Ten fatal assumptions made

1) That your customers buy price.
Customers buy price only when you give them no other reason to buy from you. Study after study, market after market consumer research says customers buy Confidence, Quality, Service, Features, Selection and then finally Price. When you think about your own experience do you buy price? Did you buy the cheapest car or house? Do you buy your best clothes at discount stores? My guess is NO! I believe that the more your customer cares about the outcome the less they care about price.

2) That your customer knows your brand.
In 1994 Microsoft did a brand survey to test consumer awareness to the fact that Microsoft was the maker of Windows. The outcome of the survey was that they almost lost to their biggest competitor. Here was a company that had a powerful brand (the envy of many) but they still struggled in delivering a clear concise message. Never take your brand for granted and you must clearly and consistently communicate what you do and how you help every chance you get.

3) That you know what the customer wants.
When a doctor asks a patient a question they do so to isolate the problem and to reassure the patient they truly understand the situation. Imagine if a Doctor just started to perscribe a remedy most patients would walk out. However, many selling professionals jump to the product pitch well before they have done a good job diagnosing the situation and understanding the intent. Even if you do know what the customer wants show them that you care enough to let them tell you again.

4) The customer will think of you when getting ready to buy.
Staying top of mind in the customers eyes is hard to do. That is why real estate agents invest in calendars. So that their name is never too far away. You must find ways to gently remind everyone you know, what you do and that they can easily get a hold of you if they ever want to buy what you sell.

5) The customer wants to buy or knows to buy.

In my experience there are four types of customers out there:
Customer 1 knows what they need and where they will get it
Customer 2 knows they need it and where/how to look for it
Customer 3 knows they need it but don’t know how to get it
Customer 4 doesn’t know they need it or why they would want it

Typically most selling professionals spend all of there time focused on selling customer 1 and 2 in essence they are re-acting to customer need. However these are the customers where there is the most competition and much more blood to be lost. It’s my belief that over 40% of the potential market resides with customer 3 and 4 and there is little competitive battle if you are the caring coach that demonstrates and makes an early investment in time.

6) That buying your product is the only thing on your customer’s mind.
In todays world your customer is likely multi-tasking on many things yet the assumption is often made that the only thing on their mind is making a buying decision. Successful sales reps see and understand the many priorities in their customer’s lives. Start asking how well you know your customer’s “entire” world.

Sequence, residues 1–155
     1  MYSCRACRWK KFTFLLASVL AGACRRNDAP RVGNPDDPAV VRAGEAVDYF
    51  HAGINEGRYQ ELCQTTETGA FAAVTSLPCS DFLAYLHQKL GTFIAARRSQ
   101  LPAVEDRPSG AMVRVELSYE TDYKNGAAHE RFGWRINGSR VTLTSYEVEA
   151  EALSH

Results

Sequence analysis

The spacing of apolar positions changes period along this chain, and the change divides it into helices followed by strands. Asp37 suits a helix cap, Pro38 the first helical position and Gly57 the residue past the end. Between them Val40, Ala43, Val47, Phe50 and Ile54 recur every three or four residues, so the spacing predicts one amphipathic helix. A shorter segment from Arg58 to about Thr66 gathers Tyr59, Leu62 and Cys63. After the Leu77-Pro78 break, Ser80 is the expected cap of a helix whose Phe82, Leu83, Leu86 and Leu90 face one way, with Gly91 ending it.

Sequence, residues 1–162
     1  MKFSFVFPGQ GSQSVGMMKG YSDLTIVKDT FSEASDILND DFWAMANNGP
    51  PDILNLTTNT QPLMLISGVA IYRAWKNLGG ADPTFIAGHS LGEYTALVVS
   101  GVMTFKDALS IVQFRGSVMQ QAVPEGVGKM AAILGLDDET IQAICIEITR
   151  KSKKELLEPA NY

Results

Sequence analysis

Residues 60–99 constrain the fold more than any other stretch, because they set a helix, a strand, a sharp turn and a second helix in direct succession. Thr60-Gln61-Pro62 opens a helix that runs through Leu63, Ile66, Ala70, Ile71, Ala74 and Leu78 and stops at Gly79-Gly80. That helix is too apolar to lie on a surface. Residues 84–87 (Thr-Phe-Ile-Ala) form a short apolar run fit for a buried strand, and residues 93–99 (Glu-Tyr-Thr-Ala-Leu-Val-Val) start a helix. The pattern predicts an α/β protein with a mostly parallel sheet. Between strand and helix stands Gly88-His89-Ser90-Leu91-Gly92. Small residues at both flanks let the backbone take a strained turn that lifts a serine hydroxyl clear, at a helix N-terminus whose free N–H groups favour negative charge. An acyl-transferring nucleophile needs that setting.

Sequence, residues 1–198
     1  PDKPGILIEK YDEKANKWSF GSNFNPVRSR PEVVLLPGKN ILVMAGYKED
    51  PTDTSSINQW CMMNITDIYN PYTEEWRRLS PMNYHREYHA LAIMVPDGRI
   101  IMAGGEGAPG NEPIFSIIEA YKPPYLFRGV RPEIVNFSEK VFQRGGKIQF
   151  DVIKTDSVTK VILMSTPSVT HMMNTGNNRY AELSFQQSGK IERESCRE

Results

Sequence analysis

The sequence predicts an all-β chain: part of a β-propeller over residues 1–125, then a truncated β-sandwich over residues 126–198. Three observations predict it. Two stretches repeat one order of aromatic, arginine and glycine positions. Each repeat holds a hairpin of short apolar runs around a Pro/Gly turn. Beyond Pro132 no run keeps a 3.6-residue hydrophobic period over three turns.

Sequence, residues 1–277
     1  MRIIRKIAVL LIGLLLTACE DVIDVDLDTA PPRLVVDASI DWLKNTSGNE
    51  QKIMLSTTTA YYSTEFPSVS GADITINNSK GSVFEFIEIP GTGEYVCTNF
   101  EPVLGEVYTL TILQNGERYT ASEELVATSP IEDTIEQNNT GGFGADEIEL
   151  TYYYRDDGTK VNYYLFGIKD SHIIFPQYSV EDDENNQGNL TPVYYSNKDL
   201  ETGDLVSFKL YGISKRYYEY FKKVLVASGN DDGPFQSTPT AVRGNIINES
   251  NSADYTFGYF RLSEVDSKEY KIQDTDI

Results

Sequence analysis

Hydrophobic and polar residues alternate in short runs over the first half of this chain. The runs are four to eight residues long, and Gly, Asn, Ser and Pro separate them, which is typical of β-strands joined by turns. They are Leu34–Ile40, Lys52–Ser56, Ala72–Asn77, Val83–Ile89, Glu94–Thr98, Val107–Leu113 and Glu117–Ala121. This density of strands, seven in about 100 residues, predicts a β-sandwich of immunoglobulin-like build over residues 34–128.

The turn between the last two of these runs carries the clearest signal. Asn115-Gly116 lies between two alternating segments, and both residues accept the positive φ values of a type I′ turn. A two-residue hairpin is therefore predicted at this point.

7) That the customer understands your value.
No one knows how you can help the customer better than you do. Yet many sales professionals fall into the trap of believing the customer fully understands what you do, why you do it and how it will help them. In reality most customers don’t put two plus two together and it is your role to demonstrate, remind and reinforce all that they will gain from having a relationship with you.

8) The customer is ready and capable of making a buying decision.
Sure many people want to buy your product but can they buy? One assumption often made is that every customer looking to buy has the authority and funds to make the decision. Many times selling professionals are afraid to QUALIFY opportunities because they are afraid of the answer they might find. Take the time to qualify so that you can focus your time on the right opportunities.

9) That you are not good enough to win the business.
One of the biggest challenges selling professionals face is that of beleiving in themselves and their product. You must constantly remind yourself there is a reason why you chose to sell what you do and a great selling professional makes all the difference in the world.

10) Your customer knows all that you do.
One danger many professional sales reps face is that they stop selling once they win the initial deal. They make the assumption that the client now understands all the ways you can help. My belief is most customers think very narrow and very specific and do not realize all the different ways you can help. Many opportunities can go deeper and broader if you continue to focus the relationship like it is a continued sales lead.

Curt Skene